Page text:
UT’s CT lab helps classify beardog fossils

Lawrence Goodwyn

With nothing but a skull and a jawbone to study, UT’s Computed Tomography, or CT, lab recently helped researchers classify two 38-million-year-old fossils as belonging to a group of animals called beardogs.

Jack Tseng, assistant professor of pathology and anatomical sciences at SUNY Buffalo, and Susumu Tomiya, a researcher at the Field Museum in Chicago, worked as a team to reclassify two new species of beardogs, Gustafsonia cognita and Angelarctocyon australis

Tomiya said he and Tseng classified two species of beardogs, the smaller one the size of a chihuahua and weighing around five pounds. These beardogs probably resembled tiny foxes. 

“Google beardogs and you’ll see illustrations of very large bear or wolf-looking thing, but the ones we study are very far from attaining that size or having that sort of adaptation,” Tseng said. 

Tomiya said these smaller beardogs were older and further back in the beardog lineage. 

“They’re important because they are some of the smallest and earliest beardogs, and it allows us to place them in order chronologically and see if these fossils are more close to bears or dogs,” Tomiya said.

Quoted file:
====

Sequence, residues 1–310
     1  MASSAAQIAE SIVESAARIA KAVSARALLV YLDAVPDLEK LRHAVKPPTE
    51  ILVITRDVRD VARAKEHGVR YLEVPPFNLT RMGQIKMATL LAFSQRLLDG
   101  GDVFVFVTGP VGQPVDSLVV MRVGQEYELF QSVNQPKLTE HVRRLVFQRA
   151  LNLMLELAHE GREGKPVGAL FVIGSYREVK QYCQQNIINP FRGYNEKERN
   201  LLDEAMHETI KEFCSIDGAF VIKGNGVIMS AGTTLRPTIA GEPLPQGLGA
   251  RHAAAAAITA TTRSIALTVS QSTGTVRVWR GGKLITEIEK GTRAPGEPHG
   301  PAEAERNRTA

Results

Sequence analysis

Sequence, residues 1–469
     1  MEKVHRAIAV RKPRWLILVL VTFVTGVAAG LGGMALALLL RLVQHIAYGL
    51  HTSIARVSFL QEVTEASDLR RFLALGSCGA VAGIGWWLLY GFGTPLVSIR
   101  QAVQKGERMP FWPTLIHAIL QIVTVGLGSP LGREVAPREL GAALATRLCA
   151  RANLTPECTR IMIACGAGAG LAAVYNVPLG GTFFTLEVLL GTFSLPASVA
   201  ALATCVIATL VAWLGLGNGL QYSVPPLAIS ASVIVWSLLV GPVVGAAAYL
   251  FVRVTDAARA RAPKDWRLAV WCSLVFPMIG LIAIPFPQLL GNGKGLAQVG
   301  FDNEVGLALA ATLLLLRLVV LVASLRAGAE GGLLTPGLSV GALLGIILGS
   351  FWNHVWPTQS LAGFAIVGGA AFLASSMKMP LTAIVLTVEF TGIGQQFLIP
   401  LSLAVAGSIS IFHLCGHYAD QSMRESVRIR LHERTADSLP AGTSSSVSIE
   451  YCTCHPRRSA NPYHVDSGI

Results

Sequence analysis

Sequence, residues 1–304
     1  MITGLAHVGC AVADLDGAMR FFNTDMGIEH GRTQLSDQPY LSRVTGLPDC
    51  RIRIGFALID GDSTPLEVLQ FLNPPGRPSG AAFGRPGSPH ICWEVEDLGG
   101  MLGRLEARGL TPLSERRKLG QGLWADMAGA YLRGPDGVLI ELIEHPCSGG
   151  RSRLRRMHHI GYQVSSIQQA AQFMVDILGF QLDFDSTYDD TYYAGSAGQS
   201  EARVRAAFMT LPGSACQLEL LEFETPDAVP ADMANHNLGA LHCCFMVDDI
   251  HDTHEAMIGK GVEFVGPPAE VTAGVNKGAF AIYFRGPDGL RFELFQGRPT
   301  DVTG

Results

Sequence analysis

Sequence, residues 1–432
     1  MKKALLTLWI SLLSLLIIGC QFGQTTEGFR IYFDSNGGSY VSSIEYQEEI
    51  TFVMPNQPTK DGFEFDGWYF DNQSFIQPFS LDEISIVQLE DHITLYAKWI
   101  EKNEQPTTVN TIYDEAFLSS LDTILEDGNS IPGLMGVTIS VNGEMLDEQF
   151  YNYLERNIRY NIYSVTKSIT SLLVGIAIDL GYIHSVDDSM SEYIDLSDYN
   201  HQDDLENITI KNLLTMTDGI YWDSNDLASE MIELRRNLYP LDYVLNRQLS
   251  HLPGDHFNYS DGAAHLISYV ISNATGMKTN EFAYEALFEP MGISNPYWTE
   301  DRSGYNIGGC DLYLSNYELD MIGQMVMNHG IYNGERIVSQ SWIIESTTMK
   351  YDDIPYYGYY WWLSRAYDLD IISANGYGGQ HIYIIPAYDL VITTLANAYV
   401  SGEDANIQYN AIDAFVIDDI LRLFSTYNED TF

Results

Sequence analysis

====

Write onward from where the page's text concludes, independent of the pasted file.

Tseng said that initially the fossils of the two species were misidentified as members of the Miacis genus, a group of carnivorous mammals which have five claws and were around the size of a weasel. 

Tseng said the ears and teeth of the first fossil they found were strong indicators that the fossil was probably not Miacis, but a beardog. The UT-Austin CT Lab kept data on the Gustafsonia skull, which helped the researchers with their study. 

The researchers used high resolution data from the scan to reconstruct the internal structure of the skull, which revealed that the fossils had significant similarities to beardogs. The fossil’s ears in particular were reminiscent of the much larger, younger beardogs, revealing that these fossils could be the beginnings of the first true beardogs. 

These two beardog fossils are most likely closer in evolution to modern dogs than to bears, according to Tseng. He also said beardogs could have been top predators, scavengers or possibly a combination of both. 

“[These fossils] are important because they are the smallest and the earliest known beardogs,” Tseng said. “That is really the key to fitting the beardogs into a place in the carnivore group. You have to go back and look at the very earliest forms.”